Poland Hopes to Frack Shale Deposits
Thursday, August 30, 2012
Ask Poles how they feel about fracking for natural gas and responses are mixed. They hope for big money and free flowing gas. They recognize legal, environmental and societal concerns, but ask them why fracking for homegrown gas is important and the answer is the same: energy independence.
Poles from all walks of life say if they can get to the natural gas that geologists and energy companies say is trapped deep underground, Poland would be free from reliance on its neighbors to the east — Russians.
Poland has a long and complicated history of being controlled by foreign powersk, most recently by the former Soviet Union.
The country is now a democracy, but after a half-century of socialism, many Poles of a certain age still recall those days vividly. They might still be able to speak the Russian they were taught in school, but they don’t do it aloud. They don’t stand on the long bread lines that characterized the Eastern Bloc during the Cold War. These days you are more likely to see long lines of women waiting to try on clothes at H&M’s or Zara’s.
But Poland’s reliance on Russia for gas continues.
A Power Tool
Poles consume about 14.5 billion cubic meters of gas a year, 30% of it produced domestically. The rest comes from Gazprom, the gigantic state-owned Russian energy company.
"Russia has a very poor track record of supplying the gas that it promises to supply its downstream customers in Central Europe. In 2006 [and] in 2009 we saw politically motivated shut-offs of this energy to Central Europe," said Peter Doran, a senior policy analyst at CEPA, the Center for European Policy Analysis. The price of gas can fluctuate wildly in Poland, and on average Poles pay about five to six times more than what U.S. residents pay per cubic foot. Even compared to European countries that also get their gas from Russia, the Poles still pay more. They claim Russian uses gas as a power tool.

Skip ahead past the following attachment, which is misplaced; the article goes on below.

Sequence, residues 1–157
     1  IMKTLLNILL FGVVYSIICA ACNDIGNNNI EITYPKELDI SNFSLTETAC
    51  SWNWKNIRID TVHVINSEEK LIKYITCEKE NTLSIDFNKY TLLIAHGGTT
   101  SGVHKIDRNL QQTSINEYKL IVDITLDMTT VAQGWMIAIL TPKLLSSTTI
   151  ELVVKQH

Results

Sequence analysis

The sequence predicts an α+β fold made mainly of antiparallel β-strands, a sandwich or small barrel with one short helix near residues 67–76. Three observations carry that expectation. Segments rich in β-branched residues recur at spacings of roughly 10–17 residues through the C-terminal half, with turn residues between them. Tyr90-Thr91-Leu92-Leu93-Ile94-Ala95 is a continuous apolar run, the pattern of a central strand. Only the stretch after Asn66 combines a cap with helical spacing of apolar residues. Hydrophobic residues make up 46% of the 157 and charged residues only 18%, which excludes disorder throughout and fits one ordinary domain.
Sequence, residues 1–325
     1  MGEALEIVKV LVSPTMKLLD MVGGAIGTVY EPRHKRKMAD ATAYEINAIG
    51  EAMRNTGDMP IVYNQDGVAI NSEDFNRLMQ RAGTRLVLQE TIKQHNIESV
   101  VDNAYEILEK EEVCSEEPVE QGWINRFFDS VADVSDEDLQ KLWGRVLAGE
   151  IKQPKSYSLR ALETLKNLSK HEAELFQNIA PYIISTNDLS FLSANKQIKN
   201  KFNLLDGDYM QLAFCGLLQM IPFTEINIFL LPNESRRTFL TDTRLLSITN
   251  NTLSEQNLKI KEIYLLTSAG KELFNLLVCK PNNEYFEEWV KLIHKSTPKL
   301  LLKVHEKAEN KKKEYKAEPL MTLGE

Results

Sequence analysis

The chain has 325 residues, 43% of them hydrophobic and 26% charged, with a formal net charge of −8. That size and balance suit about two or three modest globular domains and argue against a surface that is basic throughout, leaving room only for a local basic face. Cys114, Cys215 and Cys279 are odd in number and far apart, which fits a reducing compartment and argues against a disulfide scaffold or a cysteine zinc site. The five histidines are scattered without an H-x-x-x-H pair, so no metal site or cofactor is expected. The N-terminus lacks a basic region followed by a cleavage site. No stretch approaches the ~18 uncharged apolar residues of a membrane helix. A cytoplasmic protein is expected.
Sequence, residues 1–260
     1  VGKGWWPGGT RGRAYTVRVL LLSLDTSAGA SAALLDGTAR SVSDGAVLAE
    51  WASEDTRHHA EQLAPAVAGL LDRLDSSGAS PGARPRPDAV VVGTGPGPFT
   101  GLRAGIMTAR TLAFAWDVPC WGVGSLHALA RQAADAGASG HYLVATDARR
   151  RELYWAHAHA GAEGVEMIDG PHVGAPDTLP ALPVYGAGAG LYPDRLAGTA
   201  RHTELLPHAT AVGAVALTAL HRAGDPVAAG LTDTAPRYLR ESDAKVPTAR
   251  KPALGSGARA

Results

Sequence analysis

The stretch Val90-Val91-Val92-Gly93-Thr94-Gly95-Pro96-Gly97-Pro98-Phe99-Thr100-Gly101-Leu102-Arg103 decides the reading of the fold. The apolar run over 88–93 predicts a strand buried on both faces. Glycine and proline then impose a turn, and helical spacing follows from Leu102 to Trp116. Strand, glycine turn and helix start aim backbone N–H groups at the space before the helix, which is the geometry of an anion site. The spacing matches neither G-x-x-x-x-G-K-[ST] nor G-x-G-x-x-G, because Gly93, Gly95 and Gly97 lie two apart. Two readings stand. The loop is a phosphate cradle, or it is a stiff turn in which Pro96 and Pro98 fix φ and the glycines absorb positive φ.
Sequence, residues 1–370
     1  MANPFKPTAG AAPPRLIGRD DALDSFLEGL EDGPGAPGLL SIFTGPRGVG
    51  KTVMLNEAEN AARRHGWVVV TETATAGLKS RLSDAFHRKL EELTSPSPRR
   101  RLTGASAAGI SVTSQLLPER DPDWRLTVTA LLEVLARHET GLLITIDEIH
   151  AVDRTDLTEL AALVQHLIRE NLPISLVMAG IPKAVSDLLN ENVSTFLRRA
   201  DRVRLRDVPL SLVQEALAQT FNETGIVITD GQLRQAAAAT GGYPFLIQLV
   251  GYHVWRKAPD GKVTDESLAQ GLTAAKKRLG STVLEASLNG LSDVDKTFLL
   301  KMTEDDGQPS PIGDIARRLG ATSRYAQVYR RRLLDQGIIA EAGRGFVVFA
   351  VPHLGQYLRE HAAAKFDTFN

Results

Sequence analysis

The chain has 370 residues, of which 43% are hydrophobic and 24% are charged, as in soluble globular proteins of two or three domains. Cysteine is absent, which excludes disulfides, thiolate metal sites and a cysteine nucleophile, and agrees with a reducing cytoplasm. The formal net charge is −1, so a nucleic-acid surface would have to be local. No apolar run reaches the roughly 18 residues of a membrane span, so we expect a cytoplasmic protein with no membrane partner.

As the country continues to build its independence, it's a condition that’s harder and harder to live with.
"Poland’s relationship with Russia underscores an idea that is difficult for Americans to get their heads around. In the U.S., natural gas is just a commercial business. It is hard for Americans to imagine the residents of Denver, Colorado chopping down trees in their public parks just to stay warm in the winter because Canada had a fight with Mexico over the price of natural gas," said Doran.
Until recently, this power play was something the Poles just tolerated, but with the latest phase of European geopolitics in play, the Poles have an additional motivation to change the equation.
Poland is part of the European Union, which has tough environmental standards. To meet those standards, Poland has to drastically reduce its use of coal. Coal-fired power plants provide Poland’s 38 million people with roughly 95% of their electricity.
The only alternative would seem to be getting more gas from Russia, but the last decade has seen the development and growth of hydraulic fracturing technology in North America, and that has some excited. With estimates that there are deep deposits of shale gas in Poland, new possibilities have emerged.
Estimating Poland's Reserves
"The figures of the report are 350-750 cubic billion … that means a lot for Poland. It probably does not very much impress American drillers and oilers, but for Poland it is a lot," said Piotr Wozniak, Poland’s Chief Geologist and the Deputy Minister for the Environment. A few years ago, when gas companies started moving in, they were using reserve estimates drawn from decades old data that there was enough gas in the country to power Poland — and possibly its neighbors — for many years. But then, in the spring of this year, the Polish Geological Society released a new report saying there was possibly up to ten times less shale gas than originally thought.